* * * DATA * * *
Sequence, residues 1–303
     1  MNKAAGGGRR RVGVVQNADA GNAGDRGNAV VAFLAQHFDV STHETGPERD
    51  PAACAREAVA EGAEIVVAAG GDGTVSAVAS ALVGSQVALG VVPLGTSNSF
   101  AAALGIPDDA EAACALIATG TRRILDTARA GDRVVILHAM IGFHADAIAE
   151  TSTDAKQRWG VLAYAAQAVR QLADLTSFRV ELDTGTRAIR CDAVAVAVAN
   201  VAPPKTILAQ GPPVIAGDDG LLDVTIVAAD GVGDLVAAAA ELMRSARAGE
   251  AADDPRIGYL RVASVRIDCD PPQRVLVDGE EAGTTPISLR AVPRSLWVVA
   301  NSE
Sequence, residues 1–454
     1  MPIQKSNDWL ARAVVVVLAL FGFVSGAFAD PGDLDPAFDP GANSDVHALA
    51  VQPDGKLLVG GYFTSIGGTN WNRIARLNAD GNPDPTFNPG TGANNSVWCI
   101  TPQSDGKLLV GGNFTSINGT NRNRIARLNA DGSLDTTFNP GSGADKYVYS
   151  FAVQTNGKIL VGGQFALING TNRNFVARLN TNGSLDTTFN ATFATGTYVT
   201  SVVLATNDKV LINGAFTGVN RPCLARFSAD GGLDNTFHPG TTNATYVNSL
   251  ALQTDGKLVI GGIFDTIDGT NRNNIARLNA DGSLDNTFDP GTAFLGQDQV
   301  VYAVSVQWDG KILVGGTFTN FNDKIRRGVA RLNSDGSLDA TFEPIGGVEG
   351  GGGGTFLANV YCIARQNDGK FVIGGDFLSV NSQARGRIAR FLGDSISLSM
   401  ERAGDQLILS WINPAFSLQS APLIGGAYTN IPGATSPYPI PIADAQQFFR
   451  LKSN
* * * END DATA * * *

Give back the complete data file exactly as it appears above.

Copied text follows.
Sequence, residues 1–303
     1  MNKAAGGGRR RVGVVQNADA GNAGDRGNAV VAFLAQHFDV STHETGPERD
    51  PAACAREAVA EGAEIVVAAG GDGTVSAVAS ALVGSQVALG VVPLGTSNSF
   101  AAALGIPDDA EAACALIATG TRRILDTARA GDRVVILHAM IGFHADAIAE
   151  TSTDAKQRWG VLAYAAQAVR QLADLTSFRV ELDTGTRAIR CDAVAVAVAN
   201  VAPPKTILAQ GPPVIAGDDG LLDVTIVAAD GVGDLVAAAA ELMRSARAGE
   251  AADDPRIGYL RVASVRIDCD PPQRVLVDGE EAGTTPISLR AVPRSLWVVA
   301  NSE
Sequence, residues 1–454
     1  MPIQKSNDWL ARAVVVVLAL FGFVSGAFAD PGDLDPAFDP GANSDVHALA
    51  VQPDGKLLVG GYFTSIGGTN WNRIARLNAD GNPDPTFNPG TGANNSVWCI
   101  TPQSDGKLLV GGNFTSINGT NRNRIARLNA DGSLDTTFNP GSGADKYVYS
   151  FAVQTNGKIL VGGQFALING TNRNFVARLN TNGSLDTTFN ATFATGTYVT
   201  SVVLATNDKV LINGAFTGVN RPCLARFSAD GGLDNTFHPG TTNATYVNSL
   251  ALQTDGKLVI GGIFDTIDGT NRNNIARLNA DGSLDNTFDP GTAFLGQDQV
   301  VYAVSVQWDG KILVGGTFTN FNDKIRRGVA RLNSDGSLDA TFEPIGGVEG
   351  GGGGTFLANV YCIARQNDGK FVIGGDFLSV NSQARGRIAR FLGDSISLSM
   401  ERAGDQLILS WINPAFSLQS APLIGGAYTN IPGATSPYPI PIADAQQFFR
   451  LKSN